ByJames Wood, writer at Creators.co
Unabashed Transformers fan. Man crush on Tom Hardy. Avid fan of Tommy Wiseau's cult disasterpiece The Room.
James Wood

Imagination is a powerful thing. The Lego Movie is filled with imagination in each block. It's as if the memories of your childhood playing with the bricks unfolds to life on screen, yet with added star power and some truly stupendous animation. I wasn't sure if this was going to work, a movie based on Lego, but I was wrong, it works on every level.

When ordinary Lego figure Emmet is mistakenly thought to be the extraordinary Masterbuilder, higher powers take him on a wild adventure that puts him up against a formidable evil power hell-bent on gluing the world together. That was my pet hate as a kid, finding out someone has either stuck glue or blue-tac on my Lego, and it's neat seeing that kind of worry used as the central premise in this quirky movie.

Surprisingly, the big mix of themes here all work: There is plenty of peril for the characters, some dark moments, plenty of gags both verbal, physical and visual alongside giddy action that is signature of Directors Phil Lord and Christopher Miller who yet again expertly ace all the montages, over the top yet jaw dropping action sequences and the perfect balance of chaos and comedy. The song scene Everything Is Awesome sees the whole world of Lego dance, sing, work and go about their everyday lives and it's glorious and leaves a big fat smile on your face.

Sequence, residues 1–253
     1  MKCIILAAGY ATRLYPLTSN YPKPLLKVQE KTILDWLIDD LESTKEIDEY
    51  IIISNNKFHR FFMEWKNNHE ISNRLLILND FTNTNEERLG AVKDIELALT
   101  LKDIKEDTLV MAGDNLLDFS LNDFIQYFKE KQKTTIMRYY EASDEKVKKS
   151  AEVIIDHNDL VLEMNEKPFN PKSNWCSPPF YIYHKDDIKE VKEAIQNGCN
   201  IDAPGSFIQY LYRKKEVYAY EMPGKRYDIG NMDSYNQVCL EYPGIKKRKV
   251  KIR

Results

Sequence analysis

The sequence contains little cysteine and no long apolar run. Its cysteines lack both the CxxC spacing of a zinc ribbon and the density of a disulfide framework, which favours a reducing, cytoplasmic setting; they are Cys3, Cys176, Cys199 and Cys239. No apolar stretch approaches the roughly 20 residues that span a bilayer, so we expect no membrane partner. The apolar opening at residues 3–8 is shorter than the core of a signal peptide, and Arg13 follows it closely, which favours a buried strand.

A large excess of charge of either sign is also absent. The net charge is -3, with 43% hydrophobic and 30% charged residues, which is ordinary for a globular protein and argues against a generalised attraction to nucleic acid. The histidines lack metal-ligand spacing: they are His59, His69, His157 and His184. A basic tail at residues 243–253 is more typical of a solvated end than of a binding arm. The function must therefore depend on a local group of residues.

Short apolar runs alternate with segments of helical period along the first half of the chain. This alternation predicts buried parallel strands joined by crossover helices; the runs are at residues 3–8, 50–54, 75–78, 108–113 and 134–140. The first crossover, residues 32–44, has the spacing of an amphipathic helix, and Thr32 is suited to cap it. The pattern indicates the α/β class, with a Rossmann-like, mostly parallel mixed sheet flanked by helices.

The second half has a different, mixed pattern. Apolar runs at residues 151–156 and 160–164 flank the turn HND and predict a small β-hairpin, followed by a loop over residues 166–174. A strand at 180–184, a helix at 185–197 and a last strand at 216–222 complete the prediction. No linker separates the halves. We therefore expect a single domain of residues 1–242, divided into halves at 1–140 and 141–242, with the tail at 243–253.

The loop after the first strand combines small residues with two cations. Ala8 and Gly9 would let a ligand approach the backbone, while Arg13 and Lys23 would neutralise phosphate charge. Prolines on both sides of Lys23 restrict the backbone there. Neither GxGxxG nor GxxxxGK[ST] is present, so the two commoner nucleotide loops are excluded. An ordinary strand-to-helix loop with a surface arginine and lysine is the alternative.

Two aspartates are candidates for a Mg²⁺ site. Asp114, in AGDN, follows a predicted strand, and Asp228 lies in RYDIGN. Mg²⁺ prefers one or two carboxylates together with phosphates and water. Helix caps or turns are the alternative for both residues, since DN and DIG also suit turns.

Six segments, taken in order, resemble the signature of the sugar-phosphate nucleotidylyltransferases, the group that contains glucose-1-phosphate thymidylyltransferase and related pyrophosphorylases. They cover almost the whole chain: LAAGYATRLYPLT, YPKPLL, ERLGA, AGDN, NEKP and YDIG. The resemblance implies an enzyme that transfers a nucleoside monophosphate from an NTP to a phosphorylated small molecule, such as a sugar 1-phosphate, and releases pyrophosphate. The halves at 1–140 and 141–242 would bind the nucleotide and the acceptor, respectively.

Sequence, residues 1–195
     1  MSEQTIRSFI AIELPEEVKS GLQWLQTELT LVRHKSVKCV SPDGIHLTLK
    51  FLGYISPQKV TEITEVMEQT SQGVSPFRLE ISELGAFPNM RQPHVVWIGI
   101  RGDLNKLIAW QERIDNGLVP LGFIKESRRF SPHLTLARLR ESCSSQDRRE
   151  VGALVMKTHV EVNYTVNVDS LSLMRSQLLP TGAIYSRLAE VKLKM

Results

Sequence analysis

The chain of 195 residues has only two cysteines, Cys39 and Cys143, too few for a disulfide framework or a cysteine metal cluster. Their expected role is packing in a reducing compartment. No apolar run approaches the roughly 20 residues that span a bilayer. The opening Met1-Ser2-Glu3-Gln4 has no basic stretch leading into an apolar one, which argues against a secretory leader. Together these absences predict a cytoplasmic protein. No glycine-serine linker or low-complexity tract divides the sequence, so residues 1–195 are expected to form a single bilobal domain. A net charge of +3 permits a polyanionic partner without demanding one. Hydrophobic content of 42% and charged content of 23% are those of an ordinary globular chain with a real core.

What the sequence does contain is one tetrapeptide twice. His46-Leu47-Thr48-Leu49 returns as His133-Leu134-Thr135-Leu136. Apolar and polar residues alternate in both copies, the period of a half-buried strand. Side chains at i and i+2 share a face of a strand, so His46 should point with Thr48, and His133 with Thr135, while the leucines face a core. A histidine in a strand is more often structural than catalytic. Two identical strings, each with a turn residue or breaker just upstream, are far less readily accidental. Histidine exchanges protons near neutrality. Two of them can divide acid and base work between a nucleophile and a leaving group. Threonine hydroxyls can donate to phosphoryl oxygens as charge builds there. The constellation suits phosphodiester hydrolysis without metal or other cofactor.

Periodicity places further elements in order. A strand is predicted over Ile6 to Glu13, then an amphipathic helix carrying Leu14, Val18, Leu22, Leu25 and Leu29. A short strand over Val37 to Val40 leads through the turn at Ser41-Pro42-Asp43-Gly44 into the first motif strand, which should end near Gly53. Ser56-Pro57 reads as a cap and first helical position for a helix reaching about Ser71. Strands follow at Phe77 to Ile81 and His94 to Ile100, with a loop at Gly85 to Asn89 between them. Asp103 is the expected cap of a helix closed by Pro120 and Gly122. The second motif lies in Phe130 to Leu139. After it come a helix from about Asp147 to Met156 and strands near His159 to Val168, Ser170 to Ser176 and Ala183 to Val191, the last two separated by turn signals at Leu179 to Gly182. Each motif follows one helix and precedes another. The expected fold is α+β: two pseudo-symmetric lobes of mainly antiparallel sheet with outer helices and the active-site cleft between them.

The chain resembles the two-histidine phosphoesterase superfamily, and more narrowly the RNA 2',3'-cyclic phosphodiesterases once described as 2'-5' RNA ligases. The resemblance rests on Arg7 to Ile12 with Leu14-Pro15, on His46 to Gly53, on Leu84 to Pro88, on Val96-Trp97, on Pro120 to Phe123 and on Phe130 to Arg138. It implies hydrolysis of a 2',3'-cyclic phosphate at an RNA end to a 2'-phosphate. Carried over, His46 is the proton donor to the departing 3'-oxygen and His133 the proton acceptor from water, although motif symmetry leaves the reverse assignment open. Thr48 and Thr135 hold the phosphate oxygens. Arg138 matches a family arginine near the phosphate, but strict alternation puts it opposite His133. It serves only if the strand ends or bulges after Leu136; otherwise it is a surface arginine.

When I mentioned imagination, it's right down to the tiniest of details. Watch how water is created; look at burning fires and plumes of smoke, all meticulously animated into dozens of mini Lego blocks. The world of Lego stuns, from sunlit Western deserts, cityscapes to Middle-Earth type designs, not one shot goes by where something doesn't grab your attention.

The 3D lends itself superbly to the world here, the depth sprawls for miles, as if you can dive into the Lego land. Bricks and characters spill out the screen and also move about clearly inside the screen. If by the end of this movie you don't want to go and play with a box of Lego, you've clearly not enjoyed this. Trust me when I say this, if it weren't for the insanely energetic and fun voice-work of the all-star cast, The Lego Movie wouldn't be as exciting.

Here is a giant thumbs up to Chris Pratt, Elizabeth Banks, Morgan Freeman, Liam Neeson, Will Ferrell, Will Arnett, Nick Offerman, Alison Brie, Charlie Day, Jonah Hill, Channing Tatum, Will Forte and everyone else, the finest voicework since the 2009 madcap animation comedy Cloudy With A Chance Of Meatballs, also directed by the dynamic duo Lord and Miller. Bring on the sequel!

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